New MDA Grants Examine Protein Misfolding in ALS

by Richard Robinson on Wed, 2013-08-21 01:35

MDA is supporting research into why proteins such as FUS, TDP43 and SOD1 misfold and clump in motor neurons in ALS

Article Highlights:
  • MDA’s Summer 2013 research grants include two ALS grants totaling $477,410 that look into why misfolded proteins aggregate (clump up) in motor neurons, and what can be done to break up the clumps.
  • Additional grants for research in two other motor neuron diseases (spinal-bulbar muscular atrophy and spinal muscular atrophy) may hold relevance for ALS research, as well.
  • All of the 31 grants awarded by MDA in July 2013 can be viewed in the Grants at a Glance slideshow.

MDA’s latest round of ALS research grants focuses on basic mechanisms in the disease process, with an emphasis on targeting misfolded proteins such as TDP43, FUS and SOD1.

Proteins are cellular workhorses, responsible for virtually every function in the body. A protein is a long chain of amino acids, folded into a precise shape. If a protein misfolds, it cannot function properly and must be broken down by the cell to prevent it from causing problems. Otherwise, misfolded proteins can stick together and form clumps in the cells called aggregates. Misfolded proteins are found in the motor neurons of nearly all people with amyotrophic lateral sclerosis (ALS), and studies suggest that aggregates may play a central role in the disease process.

Two new MDA grants for ALS research, totaling $477,410, address issues of protein misfolding. Three additional MDA grants totaling $900,000 fund the study of motor neuron loss in related diseases, which also could lead to important findings for ALS.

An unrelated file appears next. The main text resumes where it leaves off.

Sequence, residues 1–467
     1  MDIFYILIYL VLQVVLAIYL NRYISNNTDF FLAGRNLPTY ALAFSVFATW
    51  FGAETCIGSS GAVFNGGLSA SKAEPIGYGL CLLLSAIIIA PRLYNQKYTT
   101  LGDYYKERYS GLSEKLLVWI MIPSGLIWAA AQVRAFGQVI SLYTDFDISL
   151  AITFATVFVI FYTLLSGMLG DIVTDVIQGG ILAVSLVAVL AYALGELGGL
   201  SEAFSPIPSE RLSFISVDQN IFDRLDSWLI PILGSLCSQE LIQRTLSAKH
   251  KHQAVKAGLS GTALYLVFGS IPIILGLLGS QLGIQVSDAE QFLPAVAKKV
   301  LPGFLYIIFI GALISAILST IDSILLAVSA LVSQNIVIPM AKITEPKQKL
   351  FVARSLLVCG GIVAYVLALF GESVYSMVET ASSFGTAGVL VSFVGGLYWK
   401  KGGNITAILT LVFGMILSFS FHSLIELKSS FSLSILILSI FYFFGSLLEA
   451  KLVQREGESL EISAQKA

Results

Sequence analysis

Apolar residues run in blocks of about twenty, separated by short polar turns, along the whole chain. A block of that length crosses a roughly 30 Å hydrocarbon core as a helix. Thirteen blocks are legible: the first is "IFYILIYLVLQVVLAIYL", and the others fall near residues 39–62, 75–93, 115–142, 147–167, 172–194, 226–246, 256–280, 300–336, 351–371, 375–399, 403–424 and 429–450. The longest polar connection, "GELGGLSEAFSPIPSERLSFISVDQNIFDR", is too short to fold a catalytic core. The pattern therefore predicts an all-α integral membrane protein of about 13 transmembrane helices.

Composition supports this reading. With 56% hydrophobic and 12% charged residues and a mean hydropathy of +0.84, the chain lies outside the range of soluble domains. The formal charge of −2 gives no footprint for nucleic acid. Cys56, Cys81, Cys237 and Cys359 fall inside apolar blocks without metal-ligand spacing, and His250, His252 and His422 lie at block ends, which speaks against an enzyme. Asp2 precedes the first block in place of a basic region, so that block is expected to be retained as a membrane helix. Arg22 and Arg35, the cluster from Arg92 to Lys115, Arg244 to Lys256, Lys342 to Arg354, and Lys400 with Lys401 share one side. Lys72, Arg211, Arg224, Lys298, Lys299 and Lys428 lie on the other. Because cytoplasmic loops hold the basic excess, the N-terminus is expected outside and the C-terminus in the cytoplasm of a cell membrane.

These grants are part of 31 new grants totaling $8.5 million that were approved by MDA’s Board of Directors in July and took effect Aug. 1. All 31 grants can be viewed in the Summer 2013 Grants at a Glance slideshow

Studying defects in protein recycling

Constanza Cortes, a postdoctoral researcher at the University of California at San Diego, is studying the role of a recycling system called autophagy in ALS and another motor neuron disease, spinal-bulbar muscular atrophy (SBMA or Kennedy disease). While the causes of the two diseases differ, both involve defects in autophagy, the system cells use to break down and recycle large proteins and subcellular structures.

Autophagy (“awe-TOF-uh-gee”) is critical for cell health, but relatively little is known about how the process works in motor neurons. Autophagy should take care of the accumulated proteins in motor neurons before they cause problems, but the process appears to be disrupted in ALS and SBMA.

Cortes' goal is to learn more about what regulates autophagy in motor neurons, and how that regulation goes awry in these two diseases.

(MDA also is funding research into the role of autophagy in type 2B Charcot-Marie-Tooth disease, another neurodegenerative disease under MDA’s umbrella.)

Summer 2013 Grants at a Glance

Breaking up protein aggregates